Canyon de Chelly National Monument Located in the heart of the Navajo Reservation, Canyon de Chelly National Monument is home to the traditional clans who have lived in the specatacular canyon for generations. Tour the national monument, above and below the canyon, with special guided tours of the park, and learn about the canyon’s importance to Navajo culture, and the tragic years of the tribe’s incarceration at Bosque Redondo in New Mexico. PO Box 588, Chinle, AZ 86503 • 928-674-5500 •

Steptoe Battlefield State Park The Steptoe Battlefield State Park commemorates a May 1858 battle between Col. Edward Steptoe’s U.S. troops and a combined force of Spokane, Palouse, Coeur d’Alene and Yakama tribes. The 160 soldiers, on a march from Fort Walla Walla to Fort Colville, were surprised by the Indians and forced to retreat through a series of skirmishes, barely escaping. The four-acre park near Rosalia has a monument to the battle and interpretive signs telling the story of the conflict. South Summit Loop, Rosalia, WA 99170 509-337-6457 •

Whitman Mission National Historic Site The Whitman Mission National Historic Site preserves and interprets the location of a significant settlement and event in U.S. Western history. Among the first emigrants from the Eastern United States were Methodist missionaries Dr. Marcus and Mrs. Narcissa Prentiss Whitman, who arrived in 1836. The Whitmans’ mission was the site of the Whitman Massacre in 1847, a controversial event that dramatically changed the course of history in the American Northwest between settlers and local tribes. After touring the mission grounds, take a short drive to Walla Walla and tour Fort Walla Walla Museum for interactive exhibits and living history programs on the fort and region’s history. 328 Whitman Mission Rd, Walla Walla, WA 99362 509-522-6360 • /

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The Desert Southwest

Arizona, New Mexico, Oklahoma and Texas From the Grand Canyon to the Texas Gulf Coast, from the Rio Grande River Valley to Oklahoma’s endless grasslands, the Desert Southwest Region is a land of sky islands, spectacular canyon lands, plains and prairies, unforgiving deserts and rugged mountains. The natural beauty, vast distances, and diversity of cultures in the regions will inspire the visitor to gain a greater understanding of how the aridity of the Sonoran and Chihuahuan deserts has influenced the Indian, Hispanic and American settlement of the region. The Desert Southwest Region is home to many of the nation’s most recognizable geologic landmarks, ancient pueblos, monuments and historic sites, but also some of its oldest Indian and Hispanic communities. Visitors to the four states will quickly find themselves on the trails of conquistadores and explorers, cowboys and cavalry, and walking in the footsteps of ancient peoples, Indian nations, homesteaders and prospectors.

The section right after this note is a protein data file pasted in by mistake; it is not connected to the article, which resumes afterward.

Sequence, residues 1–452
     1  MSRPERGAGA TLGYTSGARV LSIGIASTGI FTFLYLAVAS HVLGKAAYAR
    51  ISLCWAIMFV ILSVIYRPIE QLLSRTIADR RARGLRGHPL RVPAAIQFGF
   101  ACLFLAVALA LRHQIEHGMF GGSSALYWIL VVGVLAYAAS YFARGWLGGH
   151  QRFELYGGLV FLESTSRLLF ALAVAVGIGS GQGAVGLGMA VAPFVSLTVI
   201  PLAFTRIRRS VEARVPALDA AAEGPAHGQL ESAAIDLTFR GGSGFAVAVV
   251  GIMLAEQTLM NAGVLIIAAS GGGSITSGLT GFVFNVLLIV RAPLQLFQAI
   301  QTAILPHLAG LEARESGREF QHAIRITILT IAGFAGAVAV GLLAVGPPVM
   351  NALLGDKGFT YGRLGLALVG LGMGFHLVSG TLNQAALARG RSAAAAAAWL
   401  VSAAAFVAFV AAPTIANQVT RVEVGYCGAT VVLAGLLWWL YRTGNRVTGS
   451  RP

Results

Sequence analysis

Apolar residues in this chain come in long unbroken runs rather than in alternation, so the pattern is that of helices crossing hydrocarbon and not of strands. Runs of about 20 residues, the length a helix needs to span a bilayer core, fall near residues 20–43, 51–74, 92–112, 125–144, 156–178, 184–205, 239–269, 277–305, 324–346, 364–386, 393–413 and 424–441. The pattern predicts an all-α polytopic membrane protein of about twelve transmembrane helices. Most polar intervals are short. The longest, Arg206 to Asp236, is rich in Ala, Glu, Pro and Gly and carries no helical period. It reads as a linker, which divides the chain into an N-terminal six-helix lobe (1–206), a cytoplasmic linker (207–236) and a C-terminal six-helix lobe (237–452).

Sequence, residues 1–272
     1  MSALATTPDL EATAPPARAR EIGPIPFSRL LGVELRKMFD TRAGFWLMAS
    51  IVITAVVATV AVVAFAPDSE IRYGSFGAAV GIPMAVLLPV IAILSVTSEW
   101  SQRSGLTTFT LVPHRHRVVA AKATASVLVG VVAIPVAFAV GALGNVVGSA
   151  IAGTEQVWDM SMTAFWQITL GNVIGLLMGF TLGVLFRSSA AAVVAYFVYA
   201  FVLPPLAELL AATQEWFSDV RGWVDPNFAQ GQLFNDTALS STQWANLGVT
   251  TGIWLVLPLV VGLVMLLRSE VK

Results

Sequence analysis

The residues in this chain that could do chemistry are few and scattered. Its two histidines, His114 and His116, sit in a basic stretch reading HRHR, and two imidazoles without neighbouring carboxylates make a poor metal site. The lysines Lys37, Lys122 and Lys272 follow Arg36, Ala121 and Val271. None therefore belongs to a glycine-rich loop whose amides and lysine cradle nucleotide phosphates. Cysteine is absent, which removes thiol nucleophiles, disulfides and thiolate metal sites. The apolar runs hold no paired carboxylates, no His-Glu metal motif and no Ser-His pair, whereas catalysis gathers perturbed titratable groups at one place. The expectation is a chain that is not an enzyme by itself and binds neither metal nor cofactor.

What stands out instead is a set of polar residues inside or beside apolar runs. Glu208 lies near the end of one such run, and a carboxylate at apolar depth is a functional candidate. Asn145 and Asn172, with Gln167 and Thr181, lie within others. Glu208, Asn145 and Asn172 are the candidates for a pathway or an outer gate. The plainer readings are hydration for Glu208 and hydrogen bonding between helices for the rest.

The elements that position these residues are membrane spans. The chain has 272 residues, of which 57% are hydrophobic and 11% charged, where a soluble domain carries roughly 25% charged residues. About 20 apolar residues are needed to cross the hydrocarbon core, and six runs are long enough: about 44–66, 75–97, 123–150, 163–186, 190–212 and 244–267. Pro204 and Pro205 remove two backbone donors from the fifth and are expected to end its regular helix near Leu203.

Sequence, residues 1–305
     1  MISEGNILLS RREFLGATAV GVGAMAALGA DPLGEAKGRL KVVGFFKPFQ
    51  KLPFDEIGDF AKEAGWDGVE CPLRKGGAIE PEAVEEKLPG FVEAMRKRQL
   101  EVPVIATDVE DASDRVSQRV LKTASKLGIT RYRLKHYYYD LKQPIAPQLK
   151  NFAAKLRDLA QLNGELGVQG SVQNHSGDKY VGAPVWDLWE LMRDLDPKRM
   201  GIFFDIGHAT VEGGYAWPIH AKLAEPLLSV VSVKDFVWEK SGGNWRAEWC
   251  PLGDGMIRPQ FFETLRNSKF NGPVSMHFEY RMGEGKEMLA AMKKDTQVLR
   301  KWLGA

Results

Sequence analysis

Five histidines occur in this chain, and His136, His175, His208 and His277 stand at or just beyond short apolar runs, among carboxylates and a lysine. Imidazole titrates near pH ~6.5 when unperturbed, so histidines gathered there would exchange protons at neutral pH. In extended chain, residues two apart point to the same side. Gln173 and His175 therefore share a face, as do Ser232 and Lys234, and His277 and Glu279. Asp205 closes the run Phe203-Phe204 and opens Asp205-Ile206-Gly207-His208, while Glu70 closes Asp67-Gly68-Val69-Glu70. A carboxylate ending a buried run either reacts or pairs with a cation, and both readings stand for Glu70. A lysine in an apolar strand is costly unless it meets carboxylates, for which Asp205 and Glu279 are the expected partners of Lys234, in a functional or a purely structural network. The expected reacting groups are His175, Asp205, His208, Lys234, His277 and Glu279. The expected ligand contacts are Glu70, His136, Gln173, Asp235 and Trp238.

Fort Apache Historic Park A key outpost during the U.S. Army’s conflict with the Apaches from the 1860s to the 1880s, Fort Apache today is part of the Theodore Roosevelt National Historic Landmark, maintained by the Apache Tribe with assistance from the Fort Apache Heritage Foundation. The park offers exhibits on tribal history plus a museum shop. The Nohwike’ Bágowa (House of Our Footprints) Museum is open six days a week, and on Sundays May through September. 127 Scout St, Fort Apache, AZ 85926 928-338-1392 •

Fort Bowie National Historic Site Located at Apache Springs near the national stageroad in the heart of Chiricahua territory, Fort Bowie National Historic Site can be reached by a short hike across the Butterfield Trail, past the spring and through the desert hills to well-maintained ruins of the fort and historic cemetery. 3500 S Apache Pass Rd, Bowie, AZ 85605 520-847-2500 •

Fort Whipple Founded in 1863, Fort Whipple was one of the Army’s earliest outposts in central and Northern Arizona during the American post-Civil War settlement of the Grand Canyon state. Gen. George Crook built the Crook Trail from Whipple to Fort Apache during the Yavapai War. Today, a historic museum is maintained in a 1909 officer’s home on the post’s grounds, which today is a V.A. Hospital for Northern Arizona. AZ-89, Prescott, AZ 86303 • 928-445-3122 •

Grand Canyon National Park The Grand Canyon is the traditional home and a sacred site to the Havasupai, Hualapai, Navajo, Hopi and Paiute Indians of northern Arizona. Grand Canyon National Park’s South Rim visitors center receives 5 million visitors annually. Don’t miss the exhibition on John Wesley Powell’s exploration of the Grand Canyon and his epic 1869 river run on the Green-Colorado. PO Box 129 Grand Canyon, AZ 86023 928-638-7888 •

Holbrook Founded in 1881 by the Santa Fe Railway, Holbrook quickly gained a reputation as one of the toughest towns in the Southwest. As the headquarters of the infamous Aztec Land & Cattle Company, aka the Hashknife Outfit, a walking/driving tour of the historic town once patrolled by legendary lawman Sheriff Commodore Perry Owens starts at the Historic Navajo County Courthouse. 928-524-6558 •

Picacho Peak State Historic Park Just off Interstate 10, west of Casa Grande, the picturesque Picacho Peak can be seen for miles in every direction, a landmark for generations of travelers and the site of the Westernmost battle of the Civil War on April 15, 1862. Every March re-enactors gather and entertain thousands with a re-enactment of three battles: Picacho Peak, Glorieta and Val Verde, the latter two fought in New Mexico. I-10, Exit 219, Eloy, AZ 85141 • 520-466-3183